The United States Air Force has announced that it has already launched an investigation to find out why the criminal records for Devin Patrick Kelly, the shooter who killed 26 church-goers in Sutherland Springs, weren't forwarded to the FBI National Instant Criminal Background Check System. According to application forms acquired [more]
Sutherland Springs, Texas - A lone gunman opened fire inside a church during service in a small town in Texas killing at least 26 people and injuring 20 others. The gunman was later identified as 26-year old Devin Patrick Kelley, a former member of the US Air Force. Kelley had [more]
Gun-related shooting incidents have historically caused sudden spikes in firearm sales. The latest incident in Las Vegas, which has been described to be one of the deadliest in the country's history, seems to follow the morbid trend as citizens flock to gun stores to stockpile firearms in case of a [more]
It isn't clear just yet if the threat of impending nuclear war has something to do with it, but US citizens seem to continually be arming themselves. The latest figures from the NICS background check system, which was recently posted by the FBI, shows that August has set yet another [more]
A state representative in Upper Peninsula of Michigan has just introduced a controversial new bill that has ignited conversations amongst residents. The new bill will essentially allow legal firearm owners with concealed carry permits to take their guns in previously gun-free zones such as schools and other establishments. The proposal [more]
With the prominence of social media and online services, tourists are now becoming more comfortable using online marketplaces for their travel plans. Airbnb is one such service that is becoming quite popular here in the country. In fact, Americans are spending millions of dollars within the app itself as staying [more]
A new legislation that would have required health care workers in Colorado to undergo a fingerprint background check has now been stopped dead in its tracks in the state’s Senate committee. The bill was an effort by Democrats to disqualify convicted felons and known offenders from holding sensitive positions in the health care industry following several reports of abuse and high-profile thefts of prescription drugs by health care workers.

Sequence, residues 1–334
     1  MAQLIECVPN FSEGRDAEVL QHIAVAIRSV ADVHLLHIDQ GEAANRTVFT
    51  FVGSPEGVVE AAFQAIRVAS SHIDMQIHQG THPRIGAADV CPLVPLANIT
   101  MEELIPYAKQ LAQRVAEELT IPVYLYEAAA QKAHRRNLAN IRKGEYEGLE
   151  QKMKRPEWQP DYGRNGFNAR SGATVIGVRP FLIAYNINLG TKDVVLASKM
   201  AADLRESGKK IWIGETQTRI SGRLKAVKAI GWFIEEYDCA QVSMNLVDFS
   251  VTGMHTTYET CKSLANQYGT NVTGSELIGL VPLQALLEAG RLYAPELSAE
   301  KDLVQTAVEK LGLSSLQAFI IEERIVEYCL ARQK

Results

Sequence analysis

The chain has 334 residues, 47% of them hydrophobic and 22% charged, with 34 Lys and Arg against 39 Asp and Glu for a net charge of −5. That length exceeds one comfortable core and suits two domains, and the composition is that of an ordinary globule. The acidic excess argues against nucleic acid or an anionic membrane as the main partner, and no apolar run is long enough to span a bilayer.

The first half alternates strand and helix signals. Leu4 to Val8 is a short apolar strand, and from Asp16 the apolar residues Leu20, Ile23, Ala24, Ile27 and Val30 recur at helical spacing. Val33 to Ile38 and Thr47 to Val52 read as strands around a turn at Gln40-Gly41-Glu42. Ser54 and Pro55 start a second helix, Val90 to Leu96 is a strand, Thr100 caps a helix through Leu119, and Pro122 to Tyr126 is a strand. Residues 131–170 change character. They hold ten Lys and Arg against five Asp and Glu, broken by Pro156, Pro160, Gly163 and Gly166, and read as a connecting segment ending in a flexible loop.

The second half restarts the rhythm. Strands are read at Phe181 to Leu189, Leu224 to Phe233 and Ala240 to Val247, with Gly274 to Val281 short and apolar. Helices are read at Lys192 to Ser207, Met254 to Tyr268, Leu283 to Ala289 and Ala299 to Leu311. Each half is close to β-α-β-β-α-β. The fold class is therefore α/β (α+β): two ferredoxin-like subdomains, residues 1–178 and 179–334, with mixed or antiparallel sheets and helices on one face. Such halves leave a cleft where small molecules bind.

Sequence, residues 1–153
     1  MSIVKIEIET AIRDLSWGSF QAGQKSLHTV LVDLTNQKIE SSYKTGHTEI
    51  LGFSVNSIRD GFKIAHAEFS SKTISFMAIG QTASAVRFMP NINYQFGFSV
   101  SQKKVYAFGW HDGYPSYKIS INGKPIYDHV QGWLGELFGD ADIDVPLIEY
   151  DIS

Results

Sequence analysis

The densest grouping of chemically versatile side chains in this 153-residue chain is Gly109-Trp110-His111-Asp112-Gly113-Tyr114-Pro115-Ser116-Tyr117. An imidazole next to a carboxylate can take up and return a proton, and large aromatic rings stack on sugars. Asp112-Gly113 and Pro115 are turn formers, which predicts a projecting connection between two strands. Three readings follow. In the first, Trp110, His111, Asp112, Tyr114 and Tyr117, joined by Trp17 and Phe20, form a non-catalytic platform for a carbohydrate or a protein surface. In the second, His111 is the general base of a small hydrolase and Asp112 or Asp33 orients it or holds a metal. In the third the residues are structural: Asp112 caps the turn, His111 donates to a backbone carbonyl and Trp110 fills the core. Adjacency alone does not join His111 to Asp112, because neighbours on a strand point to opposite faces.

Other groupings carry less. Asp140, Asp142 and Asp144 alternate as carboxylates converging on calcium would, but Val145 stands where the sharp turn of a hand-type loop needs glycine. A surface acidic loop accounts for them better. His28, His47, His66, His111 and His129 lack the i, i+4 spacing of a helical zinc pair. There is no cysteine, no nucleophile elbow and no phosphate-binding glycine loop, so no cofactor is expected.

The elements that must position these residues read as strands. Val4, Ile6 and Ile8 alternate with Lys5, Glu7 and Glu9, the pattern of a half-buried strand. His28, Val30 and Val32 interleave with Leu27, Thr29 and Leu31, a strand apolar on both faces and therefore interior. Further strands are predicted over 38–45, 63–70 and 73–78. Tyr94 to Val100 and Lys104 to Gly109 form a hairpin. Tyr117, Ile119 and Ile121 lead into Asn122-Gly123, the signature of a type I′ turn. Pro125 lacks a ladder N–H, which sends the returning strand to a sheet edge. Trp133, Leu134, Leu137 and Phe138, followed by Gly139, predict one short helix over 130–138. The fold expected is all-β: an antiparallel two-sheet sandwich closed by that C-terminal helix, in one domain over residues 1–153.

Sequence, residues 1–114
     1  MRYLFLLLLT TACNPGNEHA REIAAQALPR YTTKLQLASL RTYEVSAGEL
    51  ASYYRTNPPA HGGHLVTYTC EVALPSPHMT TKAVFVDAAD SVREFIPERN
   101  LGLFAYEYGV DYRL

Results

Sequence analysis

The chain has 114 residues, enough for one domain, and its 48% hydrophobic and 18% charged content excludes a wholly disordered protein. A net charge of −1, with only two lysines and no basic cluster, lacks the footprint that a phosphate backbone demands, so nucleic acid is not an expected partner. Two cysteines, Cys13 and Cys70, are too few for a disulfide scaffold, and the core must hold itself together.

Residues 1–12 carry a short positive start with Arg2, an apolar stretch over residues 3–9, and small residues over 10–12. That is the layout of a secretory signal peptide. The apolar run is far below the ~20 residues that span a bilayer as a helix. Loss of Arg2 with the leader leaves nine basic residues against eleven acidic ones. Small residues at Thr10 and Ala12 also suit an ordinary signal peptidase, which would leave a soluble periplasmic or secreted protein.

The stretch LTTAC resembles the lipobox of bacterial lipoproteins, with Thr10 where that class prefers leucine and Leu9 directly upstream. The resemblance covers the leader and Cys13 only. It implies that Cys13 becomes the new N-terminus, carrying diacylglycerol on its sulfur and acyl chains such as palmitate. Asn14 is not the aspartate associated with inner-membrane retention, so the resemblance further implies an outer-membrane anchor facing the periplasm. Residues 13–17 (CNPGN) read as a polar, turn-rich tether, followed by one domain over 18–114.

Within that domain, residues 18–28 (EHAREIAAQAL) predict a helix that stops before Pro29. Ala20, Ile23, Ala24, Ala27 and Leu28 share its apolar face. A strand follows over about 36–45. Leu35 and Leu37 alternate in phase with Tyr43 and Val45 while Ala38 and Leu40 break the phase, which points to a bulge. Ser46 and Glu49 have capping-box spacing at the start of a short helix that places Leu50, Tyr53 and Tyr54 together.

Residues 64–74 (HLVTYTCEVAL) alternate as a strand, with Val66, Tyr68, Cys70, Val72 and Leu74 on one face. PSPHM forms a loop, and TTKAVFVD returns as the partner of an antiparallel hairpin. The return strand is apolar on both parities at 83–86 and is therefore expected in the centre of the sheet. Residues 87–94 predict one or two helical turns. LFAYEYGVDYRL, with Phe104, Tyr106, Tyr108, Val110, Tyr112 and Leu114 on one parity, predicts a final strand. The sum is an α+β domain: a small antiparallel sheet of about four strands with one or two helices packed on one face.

The legislation, called the Patient Safety Act, was proposed by state Rep. Janet Buckner, D-Aurora. The House Bill had no problems going through the mostly Democrat-controlled House but faced stiff opposition when it reached the State Senate. After the discussion within the committee, the bill was junked via a party-line vote of 3-2 late last week.
Colorado remains to be one of the six states left in the country that does not require criminal background checks for medical professional and applicants. Instead, applicants and currently practicing medical staff are entrusted to be truthful about their arrests and convictions. The state is also one of the five states that do not require background checks for nurses.
The Patient Safety Act would have required all 160,000 active health workers in the country to submit themselves to fingerprint background checks. This would include practitioners such as doctors, nurses, dentists, optometrists, physicians, veterinarians, podiatrists, and other medical staff. All other new applicants for any medical-related positions would also need to submit fingerprints that will be run through criminal background checks before they will get their respective licenses.
One of the committees that voted to kill the bill stated that the legislation was unnecessary and excessive as the state has not been having any big issues with medical staff for the past decades. However, there have been reports of sex offenders and convicted criminals holding sensitive positions in different medical establishments around the state.